Oracle’s Parallel Query Option (PQO) is a fantastic tool. But much like any good tool, it can very easily be used in the wrong situation or simply abused. In those cases, PQO can actually make database performance much worse. Let’s examine some common misuses or misperceptions regarding optimal and efficient PQO usage.
Not really. Why use PQO on a small dual core server just because it’s available? And why use PQO on a big SMP server with lots of CPU’s, but maybe not as robust an IO subsystem – what advantage does that offer? And my favorite abuse, we have a 64 CPU server, so we’ll just define all important tables and indexes as parallel 64 (or even some lesser number significantly greater than 1). How many of those peoples’ servers will be running many concurrent queries anyhow? So why sub-divide the work and force sharing CPU’s across processes? We don’t drive the posted speed limit simply because we can if the weather makes that a questionable choice. So we should use the same discretion when planning PQO usage.
Right – and I have some wonderful “magic beans” to sell to people who blindly believe that theory. Oracle has to spawn additional shared server processes (or reuse those that are lying around still from recent completed PQO operations). So the cost of spawning additional processes and their footprints must be accounted for in the grand scheme of things. Plus, Oracle will need a “coordinator” process to coalesce all the results – and that too has a small cost. So calculate all this into your assumptions before using PQO. But for those of us less scientific, think of PQO as being like a grocery store checkout line. If you only have a couple items in your grocery cart, will forcibly spreading them across multiple checkout lanes get you out the any door sooner? And even if you do have an overly full cart, will spreading your items across checkout lanes that are already busy be any better? There are obvious times (i.e. rules) that are better than others. We simply need to apply the same clear thinking when using PQO.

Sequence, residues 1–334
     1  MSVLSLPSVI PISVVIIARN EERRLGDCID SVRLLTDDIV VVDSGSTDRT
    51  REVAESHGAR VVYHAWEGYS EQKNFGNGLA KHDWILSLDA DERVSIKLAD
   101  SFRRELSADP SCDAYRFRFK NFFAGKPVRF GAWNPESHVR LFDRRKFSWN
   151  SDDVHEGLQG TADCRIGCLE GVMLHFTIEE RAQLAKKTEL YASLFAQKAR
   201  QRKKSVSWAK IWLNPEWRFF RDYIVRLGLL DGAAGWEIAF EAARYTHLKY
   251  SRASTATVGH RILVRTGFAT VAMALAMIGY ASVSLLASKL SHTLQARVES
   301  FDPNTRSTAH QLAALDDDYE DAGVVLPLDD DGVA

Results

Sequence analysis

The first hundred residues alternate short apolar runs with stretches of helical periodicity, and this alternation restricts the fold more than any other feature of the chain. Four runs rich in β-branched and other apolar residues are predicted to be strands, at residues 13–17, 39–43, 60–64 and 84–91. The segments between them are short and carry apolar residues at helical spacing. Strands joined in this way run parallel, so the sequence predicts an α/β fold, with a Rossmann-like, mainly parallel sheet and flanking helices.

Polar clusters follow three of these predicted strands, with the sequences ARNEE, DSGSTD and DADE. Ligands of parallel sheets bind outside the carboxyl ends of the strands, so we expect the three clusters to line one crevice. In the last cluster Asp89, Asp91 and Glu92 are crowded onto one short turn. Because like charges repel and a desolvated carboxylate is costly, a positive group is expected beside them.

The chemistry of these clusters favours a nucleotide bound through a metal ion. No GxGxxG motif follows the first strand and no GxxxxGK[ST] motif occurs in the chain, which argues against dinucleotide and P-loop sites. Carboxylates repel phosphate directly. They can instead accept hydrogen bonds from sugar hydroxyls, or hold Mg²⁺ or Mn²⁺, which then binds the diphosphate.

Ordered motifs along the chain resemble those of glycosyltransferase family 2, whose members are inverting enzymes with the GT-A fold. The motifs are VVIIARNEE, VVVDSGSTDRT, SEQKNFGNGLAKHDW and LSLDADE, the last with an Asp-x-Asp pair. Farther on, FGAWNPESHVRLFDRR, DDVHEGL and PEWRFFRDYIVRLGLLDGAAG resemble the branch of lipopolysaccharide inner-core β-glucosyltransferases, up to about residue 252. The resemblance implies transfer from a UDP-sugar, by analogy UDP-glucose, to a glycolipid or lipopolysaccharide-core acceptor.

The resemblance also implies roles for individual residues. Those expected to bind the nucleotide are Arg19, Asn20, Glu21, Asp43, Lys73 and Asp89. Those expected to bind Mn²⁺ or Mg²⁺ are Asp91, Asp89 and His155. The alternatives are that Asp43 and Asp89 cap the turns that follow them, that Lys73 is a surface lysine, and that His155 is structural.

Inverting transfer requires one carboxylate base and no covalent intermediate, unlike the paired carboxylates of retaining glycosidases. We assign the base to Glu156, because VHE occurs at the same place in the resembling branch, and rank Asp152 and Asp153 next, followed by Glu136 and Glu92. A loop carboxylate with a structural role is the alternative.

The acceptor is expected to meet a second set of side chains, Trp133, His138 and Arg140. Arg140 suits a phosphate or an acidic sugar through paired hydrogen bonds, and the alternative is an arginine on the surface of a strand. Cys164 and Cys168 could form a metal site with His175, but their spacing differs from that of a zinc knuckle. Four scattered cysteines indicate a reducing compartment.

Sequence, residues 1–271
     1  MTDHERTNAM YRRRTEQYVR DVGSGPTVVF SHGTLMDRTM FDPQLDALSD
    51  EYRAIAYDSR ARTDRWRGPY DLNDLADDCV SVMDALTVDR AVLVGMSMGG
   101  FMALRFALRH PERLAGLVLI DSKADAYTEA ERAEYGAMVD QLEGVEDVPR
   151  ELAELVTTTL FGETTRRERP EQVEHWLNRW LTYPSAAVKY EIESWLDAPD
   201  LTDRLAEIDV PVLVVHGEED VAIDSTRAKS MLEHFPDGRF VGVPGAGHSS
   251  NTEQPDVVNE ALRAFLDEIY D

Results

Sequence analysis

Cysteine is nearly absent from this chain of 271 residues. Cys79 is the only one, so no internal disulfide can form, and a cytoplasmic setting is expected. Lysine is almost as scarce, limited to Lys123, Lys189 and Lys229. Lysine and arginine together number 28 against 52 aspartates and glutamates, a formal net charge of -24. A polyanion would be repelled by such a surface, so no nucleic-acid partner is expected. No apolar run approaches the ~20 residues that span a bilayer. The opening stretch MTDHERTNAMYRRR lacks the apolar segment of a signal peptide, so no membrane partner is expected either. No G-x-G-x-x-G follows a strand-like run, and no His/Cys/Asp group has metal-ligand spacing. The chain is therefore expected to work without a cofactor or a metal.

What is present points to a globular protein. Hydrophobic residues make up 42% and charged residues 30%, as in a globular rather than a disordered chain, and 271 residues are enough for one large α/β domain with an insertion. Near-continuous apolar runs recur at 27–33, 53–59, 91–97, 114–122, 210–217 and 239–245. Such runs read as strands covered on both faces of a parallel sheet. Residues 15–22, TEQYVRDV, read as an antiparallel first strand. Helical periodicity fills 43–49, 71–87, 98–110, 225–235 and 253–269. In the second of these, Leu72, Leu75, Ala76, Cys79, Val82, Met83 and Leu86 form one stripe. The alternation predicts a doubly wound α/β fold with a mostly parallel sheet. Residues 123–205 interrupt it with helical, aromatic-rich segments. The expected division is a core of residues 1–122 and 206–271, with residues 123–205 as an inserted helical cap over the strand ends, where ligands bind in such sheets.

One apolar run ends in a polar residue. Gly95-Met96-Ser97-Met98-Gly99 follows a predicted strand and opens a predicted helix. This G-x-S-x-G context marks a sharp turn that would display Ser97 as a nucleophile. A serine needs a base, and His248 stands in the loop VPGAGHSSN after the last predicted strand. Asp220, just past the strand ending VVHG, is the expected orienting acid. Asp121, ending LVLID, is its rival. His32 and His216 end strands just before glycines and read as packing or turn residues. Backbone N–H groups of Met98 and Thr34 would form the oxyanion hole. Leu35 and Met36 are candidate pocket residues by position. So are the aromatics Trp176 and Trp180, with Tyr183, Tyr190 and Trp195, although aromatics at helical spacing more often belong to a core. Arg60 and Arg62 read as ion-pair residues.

OK – so now I also have the clear rights to sell the “Brooklyn Bridge” to people who may think this. Oracle and parallel queries are much more complicated than this. For example an ORDER BY or GROUP BY will double the number of non-coordinator processes required. So we have at least two times N now. But then there are “init.ora” parameters to limit or govern PQO usage. So some queries might get the full PQO amount, some might execute linearly, while others may use <= N processes due to such configuration parameters. The only way to know for sure is to monitor it live.
OK – I’m 100% guilty of doing this on occasion. In fact, I might even do this more often than not. But I am cognoscente of the above issues and have planned according – and still have a reasonable PQO scenario where my IO is 100% not my chief bottleneck. Thus in those clear cases I will extend beyond the actual CPU count in my PQO settings. I’ve even gone two to four times higher in the right circumstances. And in those cases it has made a clear and measureable difference. But be careful of when it does not make sense. For an easy test to verify this, simply set PQO to degree four on your dual core desktop or laptop and run several concurrent queries. It will not only run slower, but painfully so.
As silly as this may sound at first, I’ve seen this in many data warehousing scenarios. I think it happens because somewhere someone wrote that “parallel full-table scans were efficient”. But that author meant in clearly reasonable scenarios – and not universally. Yet this remains one of the top data warehousing tuning mistakes I see. Think about a DW query – it may scan millions of rows in tables with many billions of rows. Why force a full-table scan when there is at least a ten-to-one, if not a one-hundred-to-one, reduction factor. That’s exactly what indexes are for – and index scans can be done in parallel. I’ve seen improvements as large as 1000% from undoing this simple PQO misuse.
Informative post written in a lighthearted way. IMHO, Auto DOP in 11gR2 is a controversial change to the behavior of the Optimizer. One reason is that a parameter setting puts a ceiling on the number of parallel sessions. This limitation can be silently encountered. How are DBAs using parallel processing?